Illegal surveillance

It is very common for condo directors, the security staff and the property managers to illegally spy on disgruntled owners.

This political surveillance becomes very common prior to the Annual General Meetings, or requisition meetings, and the opposition candidates and their supporters find that it can be very stressful and intimidating.

The use of security cameras to monitor condo election candidates and their followers is a violation of the Privacy Act as this article about a decision of the British Columbia Privacy Commissioner's Office makes clear. However, the practice continues.

The security staff monitor the CCTV cameras in the elevators and inform the manager, superintendent or a director who is going door-to-door and what floor they are on.

When the opposition candidates and their supporters talk to the owners where they are seen on the cameras, the guards tell the manager or the directors who they are talking to.

The guards are often instructed to trail after the canvassers to pick up the literature that is left in the doors, save a couple of copies for the manager, and throw the rest out.

Spying on the president
At one condo in Etobicoke, the property manager and the security supervisor would come in on the weekends and scan that week's video from a couple of cameras, that were trained on the lobby and outside the front door, to see who the president had been talking to.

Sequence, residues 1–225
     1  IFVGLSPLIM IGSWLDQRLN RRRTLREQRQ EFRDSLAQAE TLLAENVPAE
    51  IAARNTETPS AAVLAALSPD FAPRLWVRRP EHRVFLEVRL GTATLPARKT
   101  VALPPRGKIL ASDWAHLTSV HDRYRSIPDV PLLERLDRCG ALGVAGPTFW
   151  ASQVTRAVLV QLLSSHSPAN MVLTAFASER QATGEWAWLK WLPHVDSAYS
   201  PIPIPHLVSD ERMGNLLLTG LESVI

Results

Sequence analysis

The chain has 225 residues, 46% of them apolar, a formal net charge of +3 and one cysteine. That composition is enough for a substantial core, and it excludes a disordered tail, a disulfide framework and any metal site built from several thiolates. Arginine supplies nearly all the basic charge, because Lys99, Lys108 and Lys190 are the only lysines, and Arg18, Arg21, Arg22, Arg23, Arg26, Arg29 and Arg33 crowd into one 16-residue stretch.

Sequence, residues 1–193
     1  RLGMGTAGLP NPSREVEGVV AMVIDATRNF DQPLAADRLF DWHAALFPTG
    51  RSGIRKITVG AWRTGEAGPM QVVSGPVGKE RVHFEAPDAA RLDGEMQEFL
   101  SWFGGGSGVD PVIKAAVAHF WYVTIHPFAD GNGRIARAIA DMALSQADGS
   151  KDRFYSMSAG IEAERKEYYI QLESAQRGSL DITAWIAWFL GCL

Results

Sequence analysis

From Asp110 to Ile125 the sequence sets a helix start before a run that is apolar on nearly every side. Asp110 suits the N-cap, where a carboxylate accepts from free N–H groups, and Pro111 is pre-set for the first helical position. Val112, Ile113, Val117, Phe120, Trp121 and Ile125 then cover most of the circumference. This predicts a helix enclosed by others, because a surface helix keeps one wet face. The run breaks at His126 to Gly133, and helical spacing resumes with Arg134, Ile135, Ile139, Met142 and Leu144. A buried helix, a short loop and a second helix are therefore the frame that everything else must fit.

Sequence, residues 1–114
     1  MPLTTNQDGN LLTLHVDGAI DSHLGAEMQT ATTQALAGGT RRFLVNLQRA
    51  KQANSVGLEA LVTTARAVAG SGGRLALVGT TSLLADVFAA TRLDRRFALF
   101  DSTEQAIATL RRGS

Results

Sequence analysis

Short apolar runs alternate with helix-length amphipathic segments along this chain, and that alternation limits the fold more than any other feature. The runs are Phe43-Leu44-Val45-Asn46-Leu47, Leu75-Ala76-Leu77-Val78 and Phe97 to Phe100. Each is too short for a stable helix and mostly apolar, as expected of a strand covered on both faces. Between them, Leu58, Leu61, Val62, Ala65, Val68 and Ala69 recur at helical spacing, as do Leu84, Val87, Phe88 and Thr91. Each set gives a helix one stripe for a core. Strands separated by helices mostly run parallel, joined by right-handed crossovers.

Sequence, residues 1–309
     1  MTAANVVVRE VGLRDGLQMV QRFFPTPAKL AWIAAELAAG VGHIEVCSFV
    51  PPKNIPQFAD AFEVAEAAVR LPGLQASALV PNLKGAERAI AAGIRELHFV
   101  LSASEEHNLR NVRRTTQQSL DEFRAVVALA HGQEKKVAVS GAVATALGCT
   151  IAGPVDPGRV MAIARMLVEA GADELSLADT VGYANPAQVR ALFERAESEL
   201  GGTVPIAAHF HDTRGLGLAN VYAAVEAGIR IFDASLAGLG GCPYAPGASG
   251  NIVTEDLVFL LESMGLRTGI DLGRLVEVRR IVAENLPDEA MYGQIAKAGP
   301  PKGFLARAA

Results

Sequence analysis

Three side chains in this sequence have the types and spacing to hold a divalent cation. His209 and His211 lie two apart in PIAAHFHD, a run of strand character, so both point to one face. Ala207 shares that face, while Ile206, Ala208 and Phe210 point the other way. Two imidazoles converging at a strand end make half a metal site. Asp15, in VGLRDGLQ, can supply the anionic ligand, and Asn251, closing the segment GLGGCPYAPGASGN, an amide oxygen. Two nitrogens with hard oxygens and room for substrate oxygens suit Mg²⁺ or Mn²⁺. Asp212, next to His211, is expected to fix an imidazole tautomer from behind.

The president was asking too many questions at the board meetings and was no longer considered "loyal" to the management company. (A couple of guards and an employee tipped off the president about the secret monitoring.)

Demanding a cut
At one condo, the superintendent would stay after hours to work for the residents by doing small repairs in their units. The property manager had the security staff monitor the video cameras, whenever the superintendent stayed late, and report to him which units the superintendent entered.

The manager demanded a cut of the superintendent's payments to allow him to continue to work in the residential units.

A few condo boards go too far. They install secret cameras to spy on the owners.

A secret camera mounted on a hallway wall so management
could spy on a condo activist.

This is a photograph of a camera that was placed outside an owner's unit in an Etobicoke condo when he was trying to organize a requisition to remove directors from the board.

This is the miniature camera that was hidden in the electrical box.

There was a second video camera that was hidden in this hallway emergency lighting box. It was aimed at another owner's unit door.

You can see how they had a knock-out removed from the box to give the camera lens a hole to peek out of.

For old technology, this was a quite clever hiding spot.

This owner was attempting to raise support to get elected to the the board of directors.

The board's tricks was exposed when the board fired an employee who, in an act of revenge, told the two owners that they were being spied upon.
Other incidents
The residents of a downtown co-op were surprised to hear that the board of directors had secret cameras installed in some hallways. Was it to monitor their political opponents or was it to catch a firebug? Who can say for sure.

Then there was/is a secret camera installed in a hallway at a condo, outside a unit, at 38 Elm Street. Was it installed at the request of the tenant or was it there to spy on behalf of the tenant? Joe Fiorito, the Toronto Star columnist who wrote this story did not know.

top  contents  chapter  previous  next